In his book, His Truth: Scripture Truths About Basic Doctrines, Jack Cottrell, an Arminian theologian, wrote on the subject of assurance.
He did not give a name for the view he defended. I think it would be appropriate to call it the “I hope I keep believing” view.
On Cottrell’s view, salvation is by faith apart from works, but you need to have a continuous faith in order to be saved. The moment you stop believing, you lose whatever provisional salvation you have.
Of course, we would strongly disagree with that.
However, in an odd way, Cottrell’s view of assurance is close to the Free Grace view in this sense: he links assurance to faith in the saving message, not to works:
That God’s protection is ours “through faith” leads to a second conclusion, namely, that our assurance of salvation is not conditioned upon works (His Truth, p. 115).
To put it another way, our sense of assurance derives from knowing we are justified by the blood of Christ, not from our having achieved a certain level of sanctification (His Truth, p. 115).
Cottrell argues that you ought to have assurance so long as you continue to believe the saving message—and he’s right about that! After all, that’s what assurance is: simply believing that what Jesus promised to do for believers is true.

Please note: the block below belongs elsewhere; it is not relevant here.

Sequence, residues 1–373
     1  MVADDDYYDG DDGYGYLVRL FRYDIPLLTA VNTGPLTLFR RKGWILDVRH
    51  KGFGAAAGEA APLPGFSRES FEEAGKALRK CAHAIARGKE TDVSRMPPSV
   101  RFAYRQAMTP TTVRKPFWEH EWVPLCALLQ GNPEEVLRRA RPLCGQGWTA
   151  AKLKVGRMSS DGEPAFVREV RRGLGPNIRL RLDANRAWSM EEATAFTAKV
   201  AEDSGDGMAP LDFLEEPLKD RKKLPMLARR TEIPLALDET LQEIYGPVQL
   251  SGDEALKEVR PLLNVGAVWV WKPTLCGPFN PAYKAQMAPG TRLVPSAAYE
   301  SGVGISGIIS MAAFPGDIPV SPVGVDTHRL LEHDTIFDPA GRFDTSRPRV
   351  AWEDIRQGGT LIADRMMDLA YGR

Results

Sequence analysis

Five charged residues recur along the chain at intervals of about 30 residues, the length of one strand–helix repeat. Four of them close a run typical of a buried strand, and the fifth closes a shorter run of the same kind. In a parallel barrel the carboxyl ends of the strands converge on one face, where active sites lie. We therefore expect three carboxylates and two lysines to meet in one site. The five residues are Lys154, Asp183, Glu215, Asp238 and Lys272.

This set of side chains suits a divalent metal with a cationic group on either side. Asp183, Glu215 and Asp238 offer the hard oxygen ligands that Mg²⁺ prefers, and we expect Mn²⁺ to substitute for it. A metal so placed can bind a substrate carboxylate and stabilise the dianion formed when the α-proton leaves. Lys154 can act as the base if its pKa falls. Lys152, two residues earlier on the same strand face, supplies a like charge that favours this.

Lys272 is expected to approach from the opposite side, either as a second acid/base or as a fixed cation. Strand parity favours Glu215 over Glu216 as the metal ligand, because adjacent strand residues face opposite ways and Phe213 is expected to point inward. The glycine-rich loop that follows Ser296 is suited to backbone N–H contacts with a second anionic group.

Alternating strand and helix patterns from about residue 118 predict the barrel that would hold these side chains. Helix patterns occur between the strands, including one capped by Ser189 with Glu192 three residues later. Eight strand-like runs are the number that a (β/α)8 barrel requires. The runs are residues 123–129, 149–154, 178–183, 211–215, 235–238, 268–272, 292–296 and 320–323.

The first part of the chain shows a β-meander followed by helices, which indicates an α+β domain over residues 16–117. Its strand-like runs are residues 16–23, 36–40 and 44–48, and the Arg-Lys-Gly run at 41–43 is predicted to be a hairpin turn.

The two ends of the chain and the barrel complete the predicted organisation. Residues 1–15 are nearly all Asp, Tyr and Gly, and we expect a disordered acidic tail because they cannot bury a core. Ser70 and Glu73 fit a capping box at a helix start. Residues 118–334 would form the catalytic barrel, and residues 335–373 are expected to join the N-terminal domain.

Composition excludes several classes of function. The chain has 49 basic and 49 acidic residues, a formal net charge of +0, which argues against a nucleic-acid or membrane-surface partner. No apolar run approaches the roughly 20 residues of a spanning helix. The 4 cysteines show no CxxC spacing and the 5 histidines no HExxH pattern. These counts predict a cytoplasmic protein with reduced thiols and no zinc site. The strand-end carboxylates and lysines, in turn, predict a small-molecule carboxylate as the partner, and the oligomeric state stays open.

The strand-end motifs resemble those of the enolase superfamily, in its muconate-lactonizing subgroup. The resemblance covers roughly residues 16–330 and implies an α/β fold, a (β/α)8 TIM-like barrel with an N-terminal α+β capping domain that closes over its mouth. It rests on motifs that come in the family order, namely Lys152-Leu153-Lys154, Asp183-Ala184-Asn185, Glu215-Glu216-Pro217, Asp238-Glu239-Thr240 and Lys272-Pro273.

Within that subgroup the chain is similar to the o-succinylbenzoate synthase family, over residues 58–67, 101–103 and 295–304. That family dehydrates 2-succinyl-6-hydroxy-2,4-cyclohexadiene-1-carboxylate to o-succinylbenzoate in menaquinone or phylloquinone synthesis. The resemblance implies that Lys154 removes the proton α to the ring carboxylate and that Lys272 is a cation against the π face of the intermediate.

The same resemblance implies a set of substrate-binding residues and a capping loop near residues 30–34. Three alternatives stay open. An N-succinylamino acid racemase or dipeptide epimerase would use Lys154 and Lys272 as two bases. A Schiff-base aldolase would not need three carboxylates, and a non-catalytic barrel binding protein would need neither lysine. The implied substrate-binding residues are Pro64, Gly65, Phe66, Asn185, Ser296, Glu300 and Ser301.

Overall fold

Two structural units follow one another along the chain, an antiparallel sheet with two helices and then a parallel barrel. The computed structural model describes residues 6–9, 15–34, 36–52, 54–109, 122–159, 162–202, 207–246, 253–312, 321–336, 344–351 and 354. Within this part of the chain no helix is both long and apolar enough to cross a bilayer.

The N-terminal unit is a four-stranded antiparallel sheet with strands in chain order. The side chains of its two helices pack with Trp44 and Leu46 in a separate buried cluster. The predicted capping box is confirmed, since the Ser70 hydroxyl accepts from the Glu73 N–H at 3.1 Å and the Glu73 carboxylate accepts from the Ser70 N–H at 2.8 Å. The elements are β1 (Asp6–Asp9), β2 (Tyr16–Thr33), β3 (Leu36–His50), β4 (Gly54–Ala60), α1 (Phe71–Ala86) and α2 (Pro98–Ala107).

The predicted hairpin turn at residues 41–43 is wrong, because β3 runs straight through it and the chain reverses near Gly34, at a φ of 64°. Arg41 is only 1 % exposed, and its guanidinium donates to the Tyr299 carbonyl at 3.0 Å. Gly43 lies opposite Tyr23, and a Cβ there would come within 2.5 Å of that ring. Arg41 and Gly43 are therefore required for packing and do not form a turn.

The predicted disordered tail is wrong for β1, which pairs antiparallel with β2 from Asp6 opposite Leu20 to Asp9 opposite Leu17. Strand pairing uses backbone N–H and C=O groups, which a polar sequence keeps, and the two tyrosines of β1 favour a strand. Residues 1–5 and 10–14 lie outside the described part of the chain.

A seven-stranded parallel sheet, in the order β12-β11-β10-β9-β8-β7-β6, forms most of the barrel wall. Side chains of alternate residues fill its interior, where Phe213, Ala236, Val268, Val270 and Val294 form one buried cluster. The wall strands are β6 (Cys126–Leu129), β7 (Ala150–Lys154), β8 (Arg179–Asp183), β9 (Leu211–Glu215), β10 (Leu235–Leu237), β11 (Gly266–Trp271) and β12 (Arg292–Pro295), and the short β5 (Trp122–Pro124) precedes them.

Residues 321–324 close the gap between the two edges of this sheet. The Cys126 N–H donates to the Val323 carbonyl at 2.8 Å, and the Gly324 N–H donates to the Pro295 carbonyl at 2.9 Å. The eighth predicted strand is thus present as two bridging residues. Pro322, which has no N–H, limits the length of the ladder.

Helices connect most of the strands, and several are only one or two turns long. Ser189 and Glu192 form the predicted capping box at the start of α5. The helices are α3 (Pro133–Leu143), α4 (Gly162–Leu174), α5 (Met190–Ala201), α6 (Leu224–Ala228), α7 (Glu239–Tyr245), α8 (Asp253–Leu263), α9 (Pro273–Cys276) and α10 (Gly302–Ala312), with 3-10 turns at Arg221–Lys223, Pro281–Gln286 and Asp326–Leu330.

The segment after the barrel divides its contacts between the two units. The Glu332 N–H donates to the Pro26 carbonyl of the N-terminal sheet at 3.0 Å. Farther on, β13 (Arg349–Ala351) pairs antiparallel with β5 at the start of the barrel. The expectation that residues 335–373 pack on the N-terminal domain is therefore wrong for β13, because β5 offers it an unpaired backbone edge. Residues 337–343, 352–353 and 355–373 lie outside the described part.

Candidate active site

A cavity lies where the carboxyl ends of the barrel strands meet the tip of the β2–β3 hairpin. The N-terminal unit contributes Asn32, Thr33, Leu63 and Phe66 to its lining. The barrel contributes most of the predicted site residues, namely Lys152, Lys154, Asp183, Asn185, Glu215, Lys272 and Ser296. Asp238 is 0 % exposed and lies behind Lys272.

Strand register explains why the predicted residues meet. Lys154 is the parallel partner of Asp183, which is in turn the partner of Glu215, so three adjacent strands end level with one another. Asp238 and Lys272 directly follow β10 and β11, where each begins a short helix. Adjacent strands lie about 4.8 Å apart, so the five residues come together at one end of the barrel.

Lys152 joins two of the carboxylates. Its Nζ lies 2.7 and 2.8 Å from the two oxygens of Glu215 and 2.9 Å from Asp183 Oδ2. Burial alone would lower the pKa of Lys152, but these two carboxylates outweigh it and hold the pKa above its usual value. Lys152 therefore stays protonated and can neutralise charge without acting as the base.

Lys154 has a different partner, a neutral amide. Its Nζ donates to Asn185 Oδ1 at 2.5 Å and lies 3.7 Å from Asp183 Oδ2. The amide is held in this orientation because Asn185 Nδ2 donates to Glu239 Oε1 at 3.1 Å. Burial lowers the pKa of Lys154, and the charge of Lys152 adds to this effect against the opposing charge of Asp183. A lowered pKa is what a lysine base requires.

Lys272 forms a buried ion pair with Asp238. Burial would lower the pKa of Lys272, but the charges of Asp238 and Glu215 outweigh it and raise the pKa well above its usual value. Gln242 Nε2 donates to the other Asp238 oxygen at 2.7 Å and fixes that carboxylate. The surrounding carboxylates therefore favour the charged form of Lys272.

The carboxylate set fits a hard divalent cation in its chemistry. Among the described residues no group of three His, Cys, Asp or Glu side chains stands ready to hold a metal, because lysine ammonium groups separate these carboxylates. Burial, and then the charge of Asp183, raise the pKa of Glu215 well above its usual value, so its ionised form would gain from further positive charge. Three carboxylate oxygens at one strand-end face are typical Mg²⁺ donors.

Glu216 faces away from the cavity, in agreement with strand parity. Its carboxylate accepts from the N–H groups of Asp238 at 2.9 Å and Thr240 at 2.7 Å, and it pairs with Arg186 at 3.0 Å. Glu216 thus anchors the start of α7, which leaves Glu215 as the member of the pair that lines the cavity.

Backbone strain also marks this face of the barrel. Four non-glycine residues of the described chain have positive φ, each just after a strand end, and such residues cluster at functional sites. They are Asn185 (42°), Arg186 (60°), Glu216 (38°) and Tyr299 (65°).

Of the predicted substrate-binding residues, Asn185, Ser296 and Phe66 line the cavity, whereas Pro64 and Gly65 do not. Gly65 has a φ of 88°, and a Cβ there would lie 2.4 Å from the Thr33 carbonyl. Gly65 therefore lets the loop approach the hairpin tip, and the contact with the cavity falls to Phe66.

But here’s the big difference between Cottrell and Free Grace: he thinks you lose both your assurance and your salvation when you stop believing; we think you only lose your assurance. We believe that Jesus gives believers eternal life, not provisional life.
If I took Cottrell’s position, I don’t think I could have assurance of my salvation, would you? I could not know if I would keep on believing until I died. On Cottrell’s view, assurance of salvation amounts to thinking this: “If I died right now, I think I would go to heaven. But I have no idea if I’ll go to heaven tomorrow.”
That’s not much of an assurance.
I would be interested in knowing if there are more Arminian theologians like Cottrell, who believe in a faith-only assurance. Let me know in the comments.